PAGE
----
Historians have noticed something interesting about the Great Depression: The bulk of Roosevelt’s New Deal money and effort wasn’t directed at the hardest-hit states. It was directed at swing states.
FDR’s New Deal could thus be seen as a vast re-election drive.
Economist Veronique de Rugy, of the Mercatus Center, recently testified before Congress about her studies of recent stimulus spending. She noticed that Democratic districts received bigger bucks than did Republican ones. Coincidence?
Nick Gillespie wrote about this on Reason magazine’s blog, Hit and Run. And, nestled in the comments section, is testimony from someone in the federal government about how stimulus money is actually spent. The government does not look for especially hard-hit areas. It looks for prospect projects that have been designed and engineered and ready to be funded to reach completion quickly.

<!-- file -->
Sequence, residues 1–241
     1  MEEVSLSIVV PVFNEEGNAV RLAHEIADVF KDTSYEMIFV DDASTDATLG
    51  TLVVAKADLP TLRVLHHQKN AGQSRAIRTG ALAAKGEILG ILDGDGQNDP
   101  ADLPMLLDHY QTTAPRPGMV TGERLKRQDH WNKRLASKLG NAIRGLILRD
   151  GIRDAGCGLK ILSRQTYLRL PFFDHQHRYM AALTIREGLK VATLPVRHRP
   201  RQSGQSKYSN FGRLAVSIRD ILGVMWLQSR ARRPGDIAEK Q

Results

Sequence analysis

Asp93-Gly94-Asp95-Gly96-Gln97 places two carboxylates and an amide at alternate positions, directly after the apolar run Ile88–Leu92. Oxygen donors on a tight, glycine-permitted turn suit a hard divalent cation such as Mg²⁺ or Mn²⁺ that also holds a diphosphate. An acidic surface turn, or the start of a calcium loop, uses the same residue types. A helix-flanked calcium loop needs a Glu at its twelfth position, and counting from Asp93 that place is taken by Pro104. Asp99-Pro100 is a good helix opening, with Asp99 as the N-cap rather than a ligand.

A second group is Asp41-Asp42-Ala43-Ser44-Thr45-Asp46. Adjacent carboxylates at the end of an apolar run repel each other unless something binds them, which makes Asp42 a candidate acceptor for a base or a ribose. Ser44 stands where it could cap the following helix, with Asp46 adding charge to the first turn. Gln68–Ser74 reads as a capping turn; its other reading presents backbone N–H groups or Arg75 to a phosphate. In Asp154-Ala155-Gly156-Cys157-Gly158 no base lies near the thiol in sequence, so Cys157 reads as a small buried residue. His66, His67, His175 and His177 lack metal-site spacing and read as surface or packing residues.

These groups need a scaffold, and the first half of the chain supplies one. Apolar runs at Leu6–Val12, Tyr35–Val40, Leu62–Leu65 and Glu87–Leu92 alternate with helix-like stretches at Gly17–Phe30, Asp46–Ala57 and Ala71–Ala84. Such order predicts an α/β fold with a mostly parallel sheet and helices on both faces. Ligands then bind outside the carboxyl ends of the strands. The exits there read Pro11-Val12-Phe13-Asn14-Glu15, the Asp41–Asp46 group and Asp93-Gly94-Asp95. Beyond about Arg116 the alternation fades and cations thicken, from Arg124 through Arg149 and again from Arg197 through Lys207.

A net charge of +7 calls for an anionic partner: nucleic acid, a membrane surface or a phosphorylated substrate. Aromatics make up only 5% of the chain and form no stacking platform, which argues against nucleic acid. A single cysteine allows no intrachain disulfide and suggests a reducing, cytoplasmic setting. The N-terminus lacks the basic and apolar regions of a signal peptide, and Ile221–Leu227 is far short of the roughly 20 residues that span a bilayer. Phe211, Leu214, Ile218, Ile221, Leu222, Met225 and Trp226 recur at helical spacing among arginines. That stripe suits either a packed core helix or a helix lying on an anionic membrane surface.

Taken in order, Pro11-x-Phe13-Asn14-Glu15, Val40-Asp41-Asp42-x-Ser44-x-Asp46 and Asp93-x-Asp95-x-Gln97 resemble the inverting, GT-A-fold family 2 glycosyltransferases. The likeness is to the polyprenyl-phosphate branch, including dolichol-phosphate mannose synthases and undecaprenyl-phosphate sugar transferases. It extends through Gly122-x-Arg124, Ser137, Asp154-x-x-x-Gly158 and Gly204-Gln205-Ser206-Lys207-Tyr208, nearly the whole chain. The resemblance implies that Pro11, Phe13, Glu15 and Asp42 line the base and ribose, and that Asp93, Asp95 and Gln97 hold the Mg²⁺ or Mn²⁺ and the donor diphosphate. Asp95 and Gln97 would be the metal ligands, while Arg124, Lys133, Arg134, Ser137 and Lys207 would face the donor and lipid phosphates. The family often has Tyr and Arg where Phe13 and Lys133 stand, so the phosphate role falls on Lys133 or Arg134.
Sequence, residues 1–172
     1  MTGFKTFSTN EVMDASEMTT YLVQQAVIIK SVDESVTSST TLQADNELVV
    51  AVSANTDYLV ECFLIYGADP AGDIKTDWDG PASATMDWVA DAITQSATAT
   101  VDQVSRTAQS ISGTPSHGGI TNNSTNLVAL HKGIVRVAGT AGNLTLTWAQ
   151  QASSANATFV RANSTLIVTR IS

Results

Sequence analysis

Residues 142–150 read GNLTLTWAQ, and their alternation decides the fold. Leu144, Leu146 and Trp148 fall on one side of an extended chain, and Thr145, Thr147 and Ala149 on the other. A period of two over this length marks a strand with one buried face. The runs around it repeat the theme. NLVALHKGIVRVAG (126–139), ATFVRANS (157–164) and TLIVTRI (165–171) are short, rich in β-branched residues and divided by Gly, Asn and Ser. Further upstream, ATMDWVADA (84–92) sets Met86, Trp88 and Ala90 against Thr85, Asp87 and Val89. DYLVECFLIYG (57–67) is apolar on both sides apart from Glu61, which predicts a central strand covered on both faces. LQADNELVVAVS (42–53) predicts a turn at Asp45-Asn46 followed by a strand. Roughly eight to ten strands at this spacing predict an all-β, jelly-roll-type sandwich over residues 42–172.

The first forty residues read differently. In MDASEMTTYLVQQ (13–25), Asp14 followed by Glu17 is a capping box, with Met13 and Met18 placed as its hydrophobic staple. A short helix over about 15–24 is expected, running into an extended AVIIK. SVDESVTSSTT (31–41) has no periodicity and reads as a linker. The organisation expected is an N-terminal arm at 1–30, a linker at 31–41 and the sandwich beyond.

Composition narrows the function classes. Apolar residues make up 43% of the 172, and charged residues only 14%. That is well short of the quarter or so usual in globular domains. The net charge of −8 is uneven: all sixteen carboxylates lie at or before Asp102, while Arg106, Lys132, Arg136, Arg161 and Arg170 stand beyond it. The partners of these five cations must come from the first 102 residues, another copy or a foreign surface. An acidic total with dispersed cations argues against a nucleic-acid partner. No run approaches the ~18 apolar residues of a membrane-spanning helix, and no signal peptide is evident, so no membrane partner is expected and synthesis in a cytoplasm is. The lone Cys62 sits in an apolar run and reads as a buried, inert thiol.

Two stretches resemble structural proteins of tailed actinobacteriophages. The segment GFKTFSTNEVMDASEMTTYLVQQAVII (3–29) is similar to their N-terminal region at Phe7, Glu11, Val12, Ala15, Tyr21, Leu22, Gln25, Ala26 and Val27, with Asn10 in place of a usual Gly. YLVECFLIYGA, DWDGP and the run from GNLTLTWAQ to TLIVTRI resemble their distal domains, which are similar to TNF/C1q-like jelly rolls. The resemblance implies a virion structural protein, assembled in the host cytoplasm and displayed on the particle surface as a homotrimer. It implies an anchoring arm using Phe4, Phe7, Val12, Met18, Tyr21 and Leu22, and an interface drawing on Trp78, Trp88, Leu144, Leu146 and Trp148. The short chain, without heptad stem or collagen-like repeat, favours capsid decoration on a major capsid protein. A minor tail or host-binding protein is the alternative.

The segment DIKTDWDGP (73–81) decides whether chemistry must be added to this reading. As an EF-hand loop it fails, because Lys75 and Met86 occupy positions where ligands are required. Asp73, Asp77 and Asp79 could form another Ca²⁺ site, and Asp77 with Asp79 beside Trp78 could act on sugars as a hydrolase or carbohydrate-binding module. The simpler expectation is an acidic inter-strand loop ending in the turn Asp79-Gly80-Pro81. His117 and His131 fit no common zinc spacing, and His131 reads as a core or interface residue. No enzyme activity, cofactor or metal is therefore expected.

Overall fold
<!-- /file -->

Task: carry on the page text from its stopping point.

This is useful to know. If believed, I’ll leave to you the explanation why Democratic Districts might be further along this pork-project train than Republican Districts. But it’s worth noting that this method does not really show any targeted expertise on the part of the federal government. It’s just a spend-and-spend-quickly program. Throw out enough dollars and hope something “sticks” . . . to produce real growth.
You see, this is nothing like how markets for capital projects work in the private sphere. And it’s nothing like a good way of jump-starting a wounded market economy.
It’s just government-mismanagement-as-usual.
This is Common Sense. I’m Paul Jacob.